In His Sacred Humanity, Jesus was moved with compassion for the crowd. The Greek root of the word for compassion means to suffer with. The disciples viewed the matter as a problem. They approached it through a lens of economic scarcity. Jesus understood the economy of heaven. The question He asks of all of us today is - do we?
Jesus asked the disciples a simple question: "what do you have?" They did not understand. They had been invited to participate in God's work by simply giving what they had in a Holy Exchange. When they finally did, Jesus used the matter given by men, loaves and fish, to manifest the manna of heaven. He still does.
That evening the instruction continued. We find the disciples in the boat fishing. (Mk 6:44-52) We find Jesus praying. Their placement in the boat in the story was a favorite image for the early church fathers, seen as a figure of the ark of the Old Covenant and the ark of the New Covenant, which is the Church.
It is this Church, this communion of persons joined in Jesus through Baptism, which He came to found and over which He would later install these men in apostolic office. It is this Church, of which we are members, which continues His redemptive mission until He returns.
That is why this lesson is so vitally important. The disciples needed to understand about the loaves- and so do we. This kind of understanding only comes from communion with the Father, in the Son, through the Spirit. It is the fruit of a living, dynamic and authentic faith. Jesus invited the disciples to believe that when they have Him, they have everything.
Yet, here in a storm, they fled to the familiar, the fear of the circumstances. So powerful were their fears that they prevented them from even recognizing God Incarnate as He passed right before them! They thought He was a ghost!
How crippling our own fears can become when we do not commune in prayer but rely on ourselves and our mere human effort. They had not understood about the loaves. Do we? We will live the way we love. Like the disciples, we are invited to live our lives in an ongoing relationship with the Lord.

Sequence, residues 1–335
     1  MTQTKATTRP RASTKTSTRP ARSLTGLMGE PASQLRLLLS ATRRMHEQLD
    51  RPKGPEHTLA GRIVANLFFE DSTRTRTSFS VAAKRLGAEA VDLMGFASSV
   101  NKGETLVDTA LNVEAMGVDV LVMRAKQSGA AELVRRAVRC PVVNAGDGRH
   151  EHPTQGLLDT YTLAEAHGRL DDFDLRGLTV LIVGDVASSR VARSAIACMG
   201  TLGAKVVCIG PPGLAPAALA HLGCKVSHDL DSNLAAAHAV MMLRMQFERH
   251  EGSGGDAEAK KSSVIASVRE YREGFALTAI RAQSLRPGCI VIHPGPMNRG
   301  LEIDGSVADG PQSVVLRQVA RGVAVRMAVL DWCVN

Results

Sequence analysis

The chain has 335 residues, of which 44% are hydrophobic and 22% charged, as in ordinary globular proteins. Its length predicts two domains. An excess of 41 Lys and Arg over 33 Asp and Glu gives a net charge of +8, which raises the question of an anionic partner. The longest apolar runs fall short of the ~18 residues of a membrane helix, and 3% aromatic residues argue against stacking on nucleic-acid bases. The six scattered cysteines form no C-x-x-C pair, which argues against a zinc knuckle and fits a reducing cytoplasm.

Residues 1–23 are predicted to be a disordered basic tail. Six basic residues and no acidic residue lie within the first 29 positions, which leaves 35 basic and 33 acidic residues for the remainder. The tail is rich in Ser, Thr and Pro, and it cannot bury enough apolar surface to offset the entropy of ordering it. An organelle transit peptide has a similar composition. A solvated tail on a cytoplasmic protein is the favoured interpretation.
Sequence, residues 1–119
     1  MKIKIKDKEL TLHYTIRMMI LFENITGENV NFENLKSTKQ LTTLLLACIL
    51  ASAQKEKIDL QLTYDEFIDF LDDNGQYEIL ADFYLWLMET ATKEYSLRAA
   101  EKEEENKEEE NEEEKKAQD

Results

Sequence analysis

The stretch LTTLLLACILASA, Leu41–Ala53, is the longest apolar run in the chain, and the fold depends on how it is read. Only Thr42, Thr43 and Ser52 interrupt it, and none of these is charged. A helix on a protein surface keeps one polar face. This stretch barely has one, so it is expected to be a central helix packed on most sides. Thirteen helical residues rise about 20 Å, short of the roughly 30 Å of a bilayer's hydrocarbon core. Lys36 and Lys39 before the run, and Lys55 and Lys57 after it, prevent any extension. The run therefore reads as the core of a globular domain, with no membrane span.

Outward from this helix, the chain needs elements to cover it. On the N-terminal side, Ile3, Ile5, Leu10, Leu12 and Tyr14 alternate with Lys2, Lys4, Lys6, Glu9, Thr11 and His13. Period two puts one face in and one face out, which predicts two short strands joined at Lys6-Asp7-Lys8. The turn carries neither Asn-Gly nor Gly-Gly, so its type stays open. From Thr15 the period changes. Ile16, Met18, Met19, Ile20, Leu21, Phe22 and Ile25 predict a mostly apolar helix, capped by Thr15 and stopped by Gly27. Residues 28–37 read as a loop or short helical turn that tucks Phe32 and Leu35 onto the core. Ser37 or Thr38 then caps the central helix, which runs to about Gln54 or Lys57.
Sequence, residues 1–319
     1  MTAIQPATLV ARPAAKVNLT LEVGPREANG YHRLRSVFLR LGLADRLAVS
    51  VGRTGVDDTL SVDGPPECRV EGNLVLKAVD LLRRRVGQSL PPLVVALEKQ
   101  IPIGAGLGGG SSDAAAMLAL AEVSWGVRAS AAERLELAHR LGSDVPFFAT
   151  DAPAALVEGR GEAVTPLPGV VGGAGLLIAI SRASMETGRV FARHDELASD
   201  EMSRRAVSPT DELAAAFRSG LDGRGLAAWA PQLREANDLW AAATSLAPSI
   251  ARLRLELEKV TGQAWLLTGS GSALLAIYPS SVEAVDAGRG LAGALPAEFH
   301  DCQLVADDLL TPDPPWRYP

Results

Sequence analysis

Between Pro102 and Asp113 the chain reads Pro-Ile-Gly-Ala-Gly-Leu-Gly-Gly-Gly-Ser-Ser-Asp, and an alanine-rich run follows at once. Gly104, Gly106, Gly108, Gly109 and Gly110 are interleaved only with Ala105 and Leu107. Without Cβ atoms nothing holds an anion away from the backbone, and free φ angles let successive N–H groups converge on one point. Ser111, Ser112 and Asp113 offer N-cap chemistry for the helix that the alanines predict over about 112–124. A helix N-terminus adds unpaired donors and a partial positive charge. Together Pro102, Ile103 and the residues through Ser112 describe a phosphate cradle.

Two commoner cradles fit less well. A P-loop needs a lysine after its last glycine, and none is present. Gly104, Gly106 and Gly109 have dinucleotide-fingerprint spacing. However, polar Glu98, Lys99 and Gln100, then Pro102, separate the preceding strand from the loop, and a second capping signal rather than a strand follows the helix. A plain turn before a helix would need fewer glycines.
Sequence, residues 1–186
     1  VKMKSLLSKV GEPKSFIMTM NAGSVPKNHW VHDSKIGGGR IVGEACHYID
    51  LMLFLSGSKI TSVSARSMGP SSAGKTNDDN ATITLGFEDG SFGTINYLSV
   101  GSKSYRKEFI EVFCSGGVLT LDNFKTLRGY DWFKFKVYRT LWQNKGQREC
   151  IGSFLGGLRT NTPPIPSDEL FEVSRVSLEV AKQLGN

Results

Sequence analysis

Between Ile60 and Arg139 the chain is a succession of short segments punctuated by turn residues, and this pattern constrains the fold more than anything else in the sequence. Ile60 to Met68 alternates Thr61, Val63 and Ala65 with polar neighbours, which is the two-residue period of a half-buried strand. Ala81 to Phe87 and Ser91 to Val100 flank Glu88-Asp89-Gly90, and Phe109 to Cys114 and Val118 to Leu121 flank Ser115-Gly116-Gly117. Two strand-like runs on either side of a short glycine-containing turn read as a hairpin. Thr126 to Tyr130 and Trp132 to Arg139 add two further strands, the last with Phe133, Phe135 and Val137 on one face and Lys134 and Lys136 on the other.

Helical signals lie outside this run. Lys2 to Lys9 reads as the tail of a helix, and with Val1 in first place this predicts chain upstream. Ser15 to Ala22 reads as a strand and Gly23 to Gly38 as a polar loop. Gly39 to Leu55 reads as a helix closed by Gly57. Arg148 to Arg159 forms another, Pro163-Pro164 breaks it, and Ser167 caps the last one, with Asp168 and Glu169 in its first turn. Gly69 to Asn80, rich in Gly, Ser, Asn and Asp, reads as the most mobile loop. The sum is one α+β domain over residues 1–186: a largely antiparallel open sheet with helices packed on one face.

Faith is a light that is meant to preside over our entire lives, even during those storms that inevitably come. When it does, we will learn to see Jesus right there - in the midst of the storm. We will come to experience authentic peace, even in apparent turmoil and we will learn to navigate the waters of daily life.
The Lord heard the cry of the poor as it issued from the mouths of his own disciples and He spoke these beautiful words: Take Courage it is I: Don't Be Afraid. We need to hear these words and learn to understand the loaves.
Then, we need to let that understanding inform our daily lives. That understanding can open our eyes to see all of life differently. We can participate in the continuing miracle, beginning right now.
However, the words and the encounter speak to us about much more. Let us ask the Lord to help us come to "understand the loaves" and the principles the entire encounter may reveal. Perhaps the various accounts of the multiplication of the loaves not only recount a miracle of the past, but can open up to us an understanding of the possibilities of helping to construct what might be called an economy of gift and communion.
Pope Emeritus Benedict wrote an Encyclical letter entitled "Charity in Truth" (Caritas in Veritate') which contains within it the seeds of hope for building what the Church has long called a truly integral humanism. The very idea of building an economy of communion and gift is rooted in this understanding.
The Holy Father reminded us that "ideological rejection of God and atheism of indifference, oblivious to the Creator and at risk of becoming equally oblivious to human values, constitute some of the chief obstacles to development today. A humanism which excludes God is an inhuman humanism." (#78)
In an age which has born the bad fruits of atheistic and secular humanism, we are called to proclaim the new and true humanism revealed in Jesus Christ, the New Man. These words of the Second Vatican Council in its' document on the relationship of the Church in the "modern" world, reflect the understanding of the early Church:
"The truth is that only in the mystery of the incarnate Word does the mystery of man take on light. For Adam, the first man, was a figure of Him Who was to come, namely Christ the Lord. Christ, the final Adam, by the revelation of the mystery of the Father and His love, fully reveals man to man himself and makes his supreme calling clear."
We see, revealed in the humanity of Jesus, who we are to become and how we are to live with one another. I suggest we also see in the account of the feeding of the five thousand a key to a new way of considering economic issues as we seek to apply the principles offered by Catholic Social Thought to this vital intersection of faith and culture.